The human rights situation deteriorated in Burundi in 2015. In July, President Nkurunziza ran for a third term, which was widely considered, including in the region, to be unconstitutional and against the Arusha Accords. This sparked a coup attempt and a subsequent government crackdown. It also marked the beginning of a downward trend in Burundi's human rights situation, which currently poses a threat to the stability of the country and wider region.
Throughout 2015, there were reports of targeted killings, arbitrary arrests, indiscriminate attacks, torture, enforced disappearances, and violence against peaceful protestors, carried out by the police, Service Nationale de Renseignements (SNR – Burundi's intelligence agency), and Imbonerakure, the ruling party's youth militia. The trend was extremely negative on political space and media freedom. The government closed down all private radio stations and only one private newspaper was still operating at the end of 2015. The government introduced strict controls on NGOs, including those promoting human rights. Many opposition leaders fled the country and are currently subject to arrest warrants.
The UK's human rights objectives in Burundi in 2015 were to promote freedom of speech and assembly, and urge the Burundian government to end the increasing violence by the police, SNR, and Imbonerakure. We pressed the authorities to allow civil society, including an independent media, to operate without impediment. We have increased our support to the thousands of refugees fleeing the situation, especially those in Tanzania and Rwanda, where the Department for International Development provided additional resources to humanitarian organisations. We also urged the government to engage in unconditional and inclusive dialogue, including with those who opposed the President's third term. We supported engagement by the UN, EU, African Union, and East African Community. The Burundian government consistently blocked the efforts of the international community, including the UK, to improve the human rights situation. It used a series of bureaucratic procedures to delay or block the deployment of international human rights monitors, and refused to take the necessary steps to establish a political dialogue that would end the cycle of violence.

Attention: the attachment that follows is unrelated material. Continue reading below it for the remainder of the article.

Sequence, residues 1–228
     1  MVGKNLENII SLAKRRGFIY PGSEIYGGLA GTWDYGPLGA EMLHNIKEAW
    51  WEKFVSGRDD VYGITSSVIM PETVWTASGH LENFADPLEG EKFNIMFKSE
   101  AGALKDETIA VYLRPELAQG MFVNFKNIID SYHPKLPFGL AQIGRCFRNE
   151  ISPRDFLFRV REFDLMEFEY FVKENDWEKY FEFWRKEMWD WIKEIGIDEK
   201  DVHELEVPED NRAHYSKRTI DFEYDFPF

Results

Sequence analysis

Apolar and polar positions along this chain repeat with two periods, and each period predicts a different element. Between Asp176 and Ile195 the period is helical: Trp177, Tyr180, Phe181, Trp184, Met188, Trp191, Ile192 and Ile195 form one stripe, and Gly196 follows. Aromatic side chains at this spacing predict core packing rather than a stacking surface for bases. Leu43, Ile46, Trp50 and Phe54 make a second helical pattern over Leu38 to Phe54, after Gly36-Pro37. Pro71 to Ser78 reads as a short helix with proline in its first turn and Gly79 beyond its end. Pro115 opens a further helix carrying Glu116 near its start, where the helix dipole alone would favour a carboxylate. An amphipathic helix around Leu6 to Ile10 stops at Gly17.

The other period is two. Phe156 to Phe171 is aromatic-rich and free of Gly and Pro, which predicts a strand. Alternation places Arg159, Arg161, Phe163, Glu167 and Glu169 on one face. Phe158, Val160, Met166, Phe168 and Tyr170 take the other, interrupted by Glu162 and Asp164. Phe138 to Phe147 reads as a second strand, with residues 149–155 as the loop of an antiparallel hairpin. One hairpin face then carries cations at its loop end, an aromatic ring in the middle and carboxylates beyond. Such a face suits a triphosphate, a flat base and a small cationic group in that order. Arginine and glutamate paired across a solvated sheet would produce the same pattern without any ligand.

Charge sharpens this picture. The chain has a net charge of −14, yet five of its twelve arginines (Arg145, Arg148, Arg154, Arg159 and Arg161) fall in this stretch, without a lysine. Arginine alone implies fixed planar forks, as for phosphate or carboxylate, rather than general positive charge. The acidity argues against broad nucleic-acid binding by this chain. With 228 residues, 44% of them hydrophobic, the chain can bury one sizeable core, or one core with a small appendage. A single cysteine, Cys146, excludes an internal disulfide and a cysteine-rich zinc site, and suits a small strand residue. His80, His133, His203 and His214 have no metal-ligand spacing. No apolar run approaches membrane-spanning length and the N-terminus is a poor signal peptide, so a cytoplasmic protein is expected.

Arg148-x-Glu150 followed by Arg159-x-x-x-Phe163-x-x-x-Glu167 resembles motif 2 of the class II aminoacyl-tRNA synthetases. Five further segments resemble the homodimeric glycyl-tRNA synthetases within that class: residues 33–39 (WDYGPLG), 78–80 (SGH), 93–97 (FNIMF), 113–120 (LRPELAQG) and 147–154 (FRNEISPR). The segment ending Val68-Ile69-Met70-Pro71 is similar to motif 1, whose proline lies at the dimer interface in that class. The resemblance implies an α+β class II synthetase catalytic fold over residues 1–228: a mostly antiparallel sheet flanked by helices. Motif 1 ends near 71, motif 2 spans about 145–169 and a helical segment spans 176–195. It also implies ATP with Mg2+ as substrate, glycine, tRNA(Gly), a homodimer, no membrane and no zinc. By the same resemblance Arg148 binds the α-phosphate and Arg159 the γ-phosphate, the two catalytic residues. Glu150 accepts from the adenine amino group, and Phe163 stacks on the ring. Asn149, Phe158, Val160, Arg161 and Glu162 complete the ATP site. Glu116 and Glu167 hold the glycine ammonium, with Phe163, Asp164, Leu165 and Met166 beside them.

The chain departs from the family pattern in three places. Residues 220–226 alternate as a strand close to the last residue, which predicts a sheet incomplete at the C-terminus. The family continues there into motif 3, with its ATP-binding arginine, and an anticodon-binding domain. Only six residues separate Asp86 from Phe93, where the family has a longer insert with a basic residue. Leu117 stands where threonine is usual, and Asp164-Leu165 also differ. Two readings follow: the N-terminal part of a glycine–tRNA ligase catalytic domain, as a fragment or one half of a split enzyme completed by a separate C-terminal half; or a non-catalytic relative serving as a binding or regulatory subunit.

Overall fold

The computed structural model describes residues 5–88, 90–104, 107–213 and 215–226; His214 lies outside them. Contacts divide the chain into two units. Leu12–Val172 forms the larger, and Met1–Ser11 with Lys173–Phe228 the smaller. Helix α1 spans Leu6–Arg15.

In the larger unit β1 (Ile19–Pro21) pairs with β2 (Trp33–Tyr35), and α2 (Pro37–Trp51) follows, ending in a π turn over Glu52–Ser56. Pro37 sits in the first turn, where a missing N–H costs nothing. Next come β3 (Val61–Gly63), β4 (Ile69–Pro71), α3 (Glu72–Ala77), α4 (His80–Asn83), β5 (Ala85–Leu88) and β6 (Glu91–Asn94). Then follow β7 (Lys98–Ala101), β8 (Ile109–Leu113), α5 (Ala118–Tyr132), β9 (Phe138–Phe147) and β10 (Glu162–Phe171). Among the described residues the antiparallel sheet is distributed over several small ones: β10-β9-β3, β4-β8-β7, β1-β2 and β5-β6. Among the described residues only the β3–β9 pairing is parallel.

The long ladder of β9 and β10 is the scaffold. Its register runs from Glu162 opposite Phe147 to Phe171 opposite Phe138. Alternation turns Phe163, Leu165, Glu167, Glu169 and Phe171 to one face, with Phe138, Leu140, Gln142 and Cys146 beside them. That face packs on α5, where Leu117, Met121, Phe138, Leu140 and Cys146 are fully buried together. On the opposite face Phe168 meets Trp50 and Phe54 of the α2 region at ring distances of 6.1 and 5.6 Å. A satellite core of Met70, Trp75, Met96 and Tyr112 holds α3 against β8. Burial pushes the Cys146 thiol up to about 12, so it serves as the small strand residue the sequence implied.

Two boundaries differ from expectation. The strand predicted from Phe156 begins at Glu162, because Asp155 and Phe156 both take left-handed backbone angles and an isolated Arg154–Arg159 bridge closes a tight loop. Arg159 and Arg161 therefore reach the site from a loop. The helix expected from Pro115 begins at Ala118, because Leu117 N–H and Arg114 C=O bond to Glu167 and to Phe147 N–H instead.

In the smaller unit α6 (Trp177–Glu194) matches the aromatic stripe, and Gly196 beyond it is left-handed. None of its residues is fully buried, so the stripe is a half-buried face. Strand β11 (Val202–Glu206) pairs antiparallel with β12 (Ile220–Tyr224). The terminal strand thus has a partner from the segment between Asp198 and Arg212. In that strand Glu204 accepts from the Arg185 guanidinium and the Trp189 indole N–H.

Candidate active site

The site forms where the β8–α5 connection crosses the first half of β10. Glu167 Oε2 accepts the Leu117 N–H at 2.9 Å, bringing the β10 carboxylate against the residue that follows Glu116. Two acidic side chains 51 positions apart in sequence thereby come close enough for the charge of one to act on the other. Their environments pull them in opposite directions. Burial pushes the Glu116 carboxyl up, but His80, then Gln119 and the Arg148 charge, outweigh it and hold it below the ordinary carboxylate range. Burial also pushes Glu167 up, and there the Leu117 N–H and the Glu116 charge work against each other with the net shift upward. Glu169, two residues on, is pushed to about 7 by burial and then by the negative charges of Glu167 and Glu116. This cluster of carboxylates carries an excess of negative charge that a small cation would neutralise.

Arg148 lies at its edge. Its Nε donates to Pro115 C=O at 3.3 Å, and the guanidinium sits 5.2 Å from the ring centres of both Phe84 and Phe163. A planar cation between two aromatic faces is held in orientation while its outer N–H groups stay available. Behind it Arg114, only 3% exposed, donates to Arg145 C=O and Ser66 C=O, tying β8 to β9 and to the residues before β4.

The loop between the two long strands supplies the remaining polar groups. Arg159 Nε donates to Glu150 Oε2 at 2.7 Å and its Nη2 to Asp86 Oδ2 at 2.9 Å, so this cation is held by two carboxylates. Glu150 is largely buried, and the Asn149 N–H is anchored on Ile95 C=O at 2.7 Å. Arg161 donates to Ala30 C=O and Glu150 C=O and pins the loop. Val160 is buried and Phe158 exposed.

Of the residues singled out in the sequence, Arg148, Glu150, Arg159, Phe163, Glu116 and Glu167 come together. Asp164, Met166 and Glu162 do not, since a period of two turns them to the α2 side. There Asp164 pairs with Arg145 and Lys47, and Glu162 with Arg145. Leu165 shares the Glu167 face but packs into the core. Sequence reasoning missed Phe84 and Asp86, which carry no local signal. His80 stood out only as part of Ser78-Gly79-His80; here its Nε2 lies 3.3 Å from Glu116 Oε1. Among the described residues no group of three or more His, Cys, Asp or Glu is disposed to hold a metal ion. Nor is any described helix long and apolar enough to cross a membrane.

Looking to 2016, we are extremely concerned about the possibility of further deterioration in the political, economic and security situation in Burundi, additional displacement of people, and increased human rights violations and abuses. Recently there has been a small but significant increase in reports of sexual violence. We are concerned that in attempts to secure stability, the government will further constrain human rights. The Burundian government's engagement in unconditional and inclusive dialogue is essential. We remain committed to assisting regional efforts to influence the Burundian government in order to avert an even deeper crisis. We continue to work with international partners, especially the UN, to develop contingency plans to protect civilians, should there be a dramatic deterioration in the security situation.